Sunday, August 30, 2015

Ice Dyeing with Shibori Folds

Ice dyed Cotton Lawn Fabric
  • Soak light to medium weight cotton fabric in a soda ash soak (1 cup soda ash to 1 gallon of warm water) for 20 minutes
  • Using gloves, squeeze out the excess liquid and lie the fabric flat on a large table. Fan fold it with about 1 inch pleats keeping it as even as possible.
  • Outside on a hot day, I then placed the folded cloth on a screen. I used a length of white wire shelving you find at hardware stores with a length of tulle like fabric on top of it. This allowed the water to flow through it as the ice melted. The shelving was elevated on some plastic tubs to catch the drips

  • The ice was piled on top of the fabric.
  • Using a dust mask, to avoid inhaling the dust particles I sprinkled powdered fiber reactive dyes across the folds. The colours for each piece were carefully selected to create specific colour combinations.

  • Everything was covered with plastic and left to sit for 24 hours.
  • Then each cloth was rinsed quickly in cold water under the tap and placed in a bucket of cold water for several hours to allow excess dye to run out. After that the excess water was squeezed out and the fabric was washed in hot water using a textile detergent, then rinsed in cold water until the water was clear.
  • The fabric was then pressed dry. 

You can find some of my hand dyed fabrics at Puffin Designs - Fantastic Things for Interior Design .

Sunday, August 23, 2015

Peony and Lily Painted on Fabric

Hand painted 'Peony' on textile
by Eileen Gidman
Working with Someone Else's Vision: Creating something for someone else, usually isn't not too hard when you are giving a gift, however when you are doing commissioned work the process becomes a little more involved I find. Some artists avoid commissioned work but I find I like the challenge of it. Every time I learn something from it as I am often engaged to create something I wouldn't think of on my own. Such was the case with a recent commission of flowers to be painted onto textile.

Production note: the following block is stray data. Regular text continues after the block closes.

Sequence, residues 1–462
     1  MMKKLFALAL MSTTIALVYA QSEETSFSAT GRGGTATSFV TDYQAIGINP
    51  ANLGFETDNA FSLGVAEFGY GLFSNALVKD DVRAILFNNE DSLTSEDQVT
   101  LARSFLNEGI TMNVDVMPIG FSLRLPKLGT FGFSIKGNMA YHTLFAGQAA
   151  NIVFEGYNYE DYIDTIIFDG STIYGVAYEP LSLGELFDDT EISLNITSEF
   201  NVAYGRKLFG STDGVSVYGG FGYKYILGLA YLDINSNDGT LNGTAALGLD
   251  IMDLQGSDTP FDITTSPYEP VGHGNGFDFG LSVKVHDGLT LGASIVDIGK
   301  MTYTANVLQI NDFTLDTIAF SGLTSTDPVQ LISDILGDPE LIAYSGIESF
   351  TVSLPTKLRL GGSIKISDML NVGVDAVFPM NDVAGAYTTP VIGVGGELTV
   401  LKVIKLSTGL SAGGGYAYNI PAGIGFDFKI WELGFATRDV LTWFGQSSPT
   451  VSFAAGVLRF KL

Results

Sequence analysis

The purchaser, an accomplished quilter asked for two fabric pieces with specific flowers on them that were meaningful for her. She provided me with her own photographs as noted below. She asked for the background to be a mottled medium green and a 14 X 15" size.

Then my work begins:

  1. New dyes and soda ash solutions are mixed
  2. Mercerized cotton fabric is soda ash soaked and air dried 
  3. The composition of the images are considered and adjusted as need. I felt the peony sketch required the full peony to be showing, so that was added in
  4. The images are sketched on the fabric using a black thickened dye that I applied using a squeeze bottle with a very fine metal nib on it. (I purchase them at the Dharma Trading Co). The fabric is then placed in plastic overnight at a warm temperature. Temperature is a big consideration when setting the dyes.
  5. The colours are mixed and painted on. I generally start with the darkest colours first. This is where one of my challenges came. I had never before worked such fine detail as would be required for the peony petals. Painting with thickened dyes requires that the dyes have to be a bit thick in order to not have the dye just bleed everywhere and because of that thickening, it does not brush easily into small areas. What to do??? Well I was very careful with the mixing of the thickener into the dye. Not too thick and not too thin and I used a very small brush.